Blake Snow

content advisor, recognized journalist, bodacious writer-for-hire

As seen on CNN, NBC, ABC, Fox, Wired, Yahoo!, BusinessWeek, Wall Street Journal
It looks like you're new. Click here to learn more.

Tagged education

How to have better conversations by asking better questions

starwars

I whole heartily agree with Confucius when he said, “The man who asks a question is a fool for a minute; the man who does not ask is a fool for life.”

Because of this, I’m always asking new questions of everyone I encounter in an effort to learn from them. Long-time family and friends. Acquaintances. Complete strangers. Everybody!

When it comes to getting better answers (i.e. more lively conversations), there are few better ice-breaker questions than these:

  1. What do you like to do? (more fun than the default and boring “What do you do for work?”)
  2. What is it like to live there? (asked as as a follow up to “Where are you from?”)
  3. What are your favorite websites, hobbies, and topics? What cheers you up?

To adopt for people you now, just add “now” to the above and voila! Instant learning. When you feel ready, you can really dig deep with, “What are your guiding beliefs?”

Hat tip, Ahmed Arshad

Getting smarter: The myth of STEM shortages and world education rankings

wikimedia commons

wikimedia commons

To improve the future of education, America must focus on science, technology, engineering, and math fields (aka STEM). We must also meet, if not exceed, international test scores.

Or should we?

Said focus has increasingly been criticized in recent years—ironically due to a lack of scientific evidence. After researching “hundreds” of reports from the past six decades, for instance, Robert Charette of The Institute of Electrical and Electronics Engineers said the so-called STEM shortage “is a myth.”

Continue reading…

Comments Off on Getting smarter: The myth of STEM shortages and world education rankings (0)

Things dance class taught me: Gender roles, body talking, and the Cypress Hill two-step

Snow Family

Snow Family

My wife—hi, hot stuff!—bought me ballroom dance lessons for Christmas. Even though I can cut rug freestyle, I was really excited about taking formal instruction. After finishing the eight week course last week, I am pleased to report it did not disappoint.

I fully expected to learn some new moves, but I didn’t expect the class to broaden my worldview and deepen my appreciation for music. But it did. Here’s what ballroom dance lessons taught me:  Continue reading…

Click this: Links of recent interest

linkscolor

Dungeons & Dragons

Click: A few of my favorite links this month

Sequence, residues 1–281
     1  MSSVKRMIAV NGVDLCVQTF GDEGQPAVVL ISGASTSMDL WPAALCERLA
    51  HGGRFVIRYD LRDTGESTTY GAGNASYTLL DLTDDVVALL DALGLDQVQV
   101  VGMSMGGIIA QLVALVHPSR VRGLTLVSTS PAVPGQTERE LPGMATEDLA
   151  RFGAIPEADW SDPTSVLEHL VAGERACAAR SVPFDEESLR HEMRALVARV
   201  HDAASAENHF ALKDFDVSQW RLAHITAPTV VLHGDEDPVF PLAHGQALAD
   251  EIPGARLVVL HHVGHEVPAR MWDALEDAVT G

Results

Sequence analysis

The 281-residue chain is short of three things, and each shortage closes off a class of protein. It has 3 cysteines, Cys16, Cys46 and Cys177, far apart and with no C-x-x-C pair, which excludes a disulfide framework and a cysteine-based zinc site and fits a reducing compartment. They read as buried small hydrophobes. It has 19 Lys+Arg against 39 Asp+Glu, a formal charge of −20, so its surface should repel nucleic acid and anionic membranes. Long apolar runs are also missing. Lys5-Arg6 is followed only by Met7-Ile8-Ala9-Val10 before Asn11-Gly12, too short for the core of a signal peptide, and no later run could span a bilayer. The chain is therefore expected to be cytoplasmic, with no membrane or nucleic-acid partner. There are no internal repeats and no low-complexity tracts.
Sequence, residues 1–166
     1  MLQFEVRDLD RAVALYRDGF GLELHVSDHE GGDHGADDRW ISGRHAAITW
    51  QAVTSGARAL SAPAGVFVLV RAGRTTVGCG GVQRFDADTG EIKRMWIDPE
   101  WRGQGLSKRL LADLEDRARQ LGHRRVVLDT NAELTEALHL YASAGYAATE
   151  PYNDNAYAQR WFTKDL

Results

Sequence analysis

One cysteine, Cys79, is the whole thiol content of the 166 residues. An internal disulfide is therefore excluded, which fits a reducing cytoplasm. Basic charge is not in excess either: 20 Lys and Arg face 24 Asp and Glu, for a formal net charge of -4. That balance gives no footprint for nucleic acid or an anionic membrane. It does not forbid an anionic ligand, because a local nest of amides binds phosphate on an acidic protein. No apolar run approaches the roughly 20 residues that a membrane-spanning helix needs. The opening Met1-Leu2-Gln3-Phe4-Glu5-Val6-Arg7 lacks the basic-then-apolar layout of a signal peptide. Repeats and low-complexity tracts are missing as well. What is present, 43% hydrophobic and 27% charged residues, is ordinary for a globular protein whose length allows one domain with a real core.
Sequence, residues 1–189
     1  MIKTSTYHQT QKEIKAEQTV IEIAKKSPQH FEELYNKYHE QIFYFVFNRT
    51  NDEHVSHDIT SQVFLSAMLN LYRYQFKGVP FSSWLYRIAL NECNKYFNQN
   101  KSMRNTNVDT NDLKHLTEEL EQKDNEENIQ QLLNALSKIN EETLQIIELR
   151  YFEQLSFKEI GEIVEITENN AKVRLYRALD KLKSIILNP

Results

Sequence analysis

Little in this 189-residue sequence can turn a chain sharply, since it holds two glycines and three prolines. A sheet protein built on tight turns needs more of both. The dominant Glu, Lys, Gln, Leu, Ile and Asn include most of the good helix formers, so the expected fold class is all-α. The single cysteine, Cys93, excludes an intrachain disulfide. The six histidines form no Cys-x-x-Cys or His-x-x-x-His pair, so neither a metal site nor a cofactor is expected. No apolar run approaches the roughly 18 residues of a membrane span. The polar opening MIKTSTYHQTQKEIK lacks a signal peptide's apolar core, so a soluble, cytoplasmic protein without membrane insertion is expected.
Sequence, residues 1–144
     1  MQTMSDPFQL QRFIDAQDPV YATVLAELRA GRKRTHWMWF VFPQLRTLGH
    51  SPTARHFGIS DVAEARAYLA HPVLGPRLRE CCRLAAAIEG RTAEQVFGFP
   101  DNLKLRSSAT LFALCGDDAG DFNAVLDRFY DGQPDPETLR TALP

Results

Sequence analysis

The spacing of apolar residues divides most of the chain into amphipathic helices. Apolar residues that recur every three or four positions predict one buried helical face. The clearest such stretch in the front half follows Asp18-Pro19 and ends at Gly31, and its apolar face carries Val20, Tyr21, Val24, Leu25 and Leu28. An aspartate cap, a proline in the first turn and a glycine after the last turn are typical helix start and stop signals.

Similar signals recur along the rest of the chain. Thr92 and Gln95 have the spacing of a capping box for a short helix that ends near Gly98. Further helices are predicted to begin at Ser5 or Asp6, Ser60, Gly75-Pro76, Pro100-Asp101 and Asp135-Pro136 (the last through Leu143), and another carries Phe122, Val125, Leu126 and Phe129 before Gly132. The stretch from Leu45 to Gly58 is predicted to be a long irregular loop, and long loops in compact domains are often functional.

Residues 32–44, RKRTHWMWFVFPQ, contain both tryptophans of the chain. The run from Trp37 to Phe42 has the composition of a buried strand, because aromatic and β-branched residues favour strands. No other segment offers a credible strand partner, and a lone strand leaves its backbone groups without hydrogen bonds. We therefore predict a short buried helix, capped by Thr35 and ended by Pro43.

link

In an effort to reduce the spam I email to friends and family, take this:

How Children Succeed: 5 things to know

urlBuild character, not intelligence. That’s the gist of what parents, educators, and society should do to help children succeed, argues Paul Tough in his new book.

Many of Tough’s “findings” are obvious, mind you. More scientific validation of common sense than childrearing enlightenment, at least for balanced parents.

Nevertheless, Tough succeeds in synthesizing some important focal points for raising upstanding kids. Here they are, with my added commentary:

  1. Let children fail. It’s tempting to want to force a child to learn from yours and other’s mistakes. Life doesn’t work that way. You should certainly own up to your mistakes while showing them others’ and hope the child listens. But you must respect a child’s right to fail. It’s the only way they’ll feel the full experience of life. Let them own their failures as much as society lets them own (if not coddles) their victories. And let them know that failure is not who they are, it’s just something they do en route to winning.  Continue reading…

Isn’t it exhilarating the first time you realize your kids know more than you do?

I know because it happened to me this week.

I was in the living room. My five year old was sitting beside her mother on the sofa. All of the sudden, I hear the former speaking in this foreign language. Not an idiom. Music notation! She was reading aloud music! Passing off her piano homework to her mother!

“My kid knows how to read music!!” I thought to myself. “Even I don’t know how to do that!!” (Yes, there were exclamation points after all of these sentences.)

I can only imagine what other things she’ll learn as she grows older — things I never did.

You have no idea how proud this makes me as a father. It makes me want to sing “We are the world” or something. What an awesome feeling.

MLIA